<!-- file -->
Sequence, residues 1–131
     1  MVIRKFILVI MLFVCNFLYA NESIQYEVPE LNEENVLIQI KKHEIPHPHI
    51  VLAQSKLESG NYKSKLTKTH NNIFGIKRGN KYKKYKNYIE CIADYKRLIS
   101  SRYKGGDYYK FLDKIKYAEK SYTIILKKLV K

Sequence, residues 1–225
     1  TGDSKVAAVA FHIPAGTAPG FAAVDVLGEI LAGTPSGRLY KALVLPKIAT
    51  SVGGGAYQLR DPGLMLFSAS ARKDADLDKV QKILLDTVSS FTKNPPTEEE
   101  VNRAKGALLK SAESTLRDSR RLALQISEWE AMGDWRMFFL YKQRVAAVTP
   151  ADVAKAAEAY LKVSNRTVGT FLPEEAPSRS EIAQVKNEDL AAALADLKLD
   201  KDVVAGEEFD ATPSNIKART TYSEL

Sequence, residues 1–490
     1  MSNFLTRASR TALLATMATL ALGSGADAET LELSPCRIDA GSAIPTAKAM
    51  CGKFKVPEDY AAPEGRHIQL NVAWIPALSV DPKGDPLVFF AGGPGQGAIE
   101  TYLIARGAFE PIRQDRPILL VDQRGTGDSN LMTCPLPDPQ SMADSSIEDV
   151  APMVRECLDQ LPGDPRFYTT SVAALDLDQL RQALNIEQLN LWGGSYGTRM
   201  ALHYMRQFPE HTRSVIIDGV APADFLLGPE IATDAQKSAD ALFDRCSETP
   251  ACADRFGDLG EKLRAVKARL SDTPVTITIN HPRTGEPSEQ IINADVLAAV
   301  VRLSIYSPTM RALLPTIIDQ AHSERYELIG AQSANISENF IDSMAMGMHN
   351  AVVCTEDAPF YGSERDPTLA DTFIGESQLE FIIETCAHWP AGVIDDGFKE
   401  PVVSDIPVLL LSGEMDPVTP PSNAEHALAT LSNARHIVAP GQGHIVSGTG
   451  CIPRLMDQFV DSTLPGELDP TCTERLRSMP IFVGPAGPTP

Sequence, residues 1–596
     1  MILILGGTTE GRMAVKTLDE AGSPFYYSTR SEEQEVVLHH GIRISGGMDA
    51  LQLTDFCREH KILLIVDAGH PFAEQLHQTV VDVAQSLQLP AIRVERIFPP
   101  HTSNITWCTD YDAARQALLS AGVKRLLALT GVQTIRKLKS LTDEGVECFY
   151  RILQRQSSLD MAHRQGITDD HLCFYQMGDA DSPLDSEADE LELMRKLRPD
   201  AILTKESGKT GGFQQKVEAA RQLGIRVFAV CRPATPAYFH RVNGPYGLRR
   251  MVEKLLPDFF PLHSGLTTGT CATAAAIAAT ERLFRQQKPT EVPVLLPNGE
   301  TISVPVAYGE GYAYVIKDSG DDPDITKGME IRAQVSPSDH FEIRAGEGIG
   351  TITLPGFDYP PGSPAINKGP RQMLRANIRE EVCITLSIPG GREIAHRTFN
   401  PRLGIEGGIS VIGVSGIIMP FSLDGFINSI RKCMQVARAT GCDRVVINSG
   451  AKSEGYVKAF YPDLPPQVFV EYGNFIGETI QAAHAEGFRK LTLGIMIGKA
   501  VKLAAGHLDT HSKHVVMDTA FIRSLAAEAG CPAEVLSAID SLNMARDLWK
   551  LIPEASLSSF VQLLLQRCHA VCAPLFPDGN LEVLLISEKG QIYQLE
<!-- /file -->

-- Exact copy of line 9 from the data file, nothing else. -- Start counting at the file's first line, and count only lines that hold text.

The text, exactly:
   151  ADVAKAAEAY LKVSNRTVGT FLPEEAPSRS EIAQVKNEDL AAALADLKLD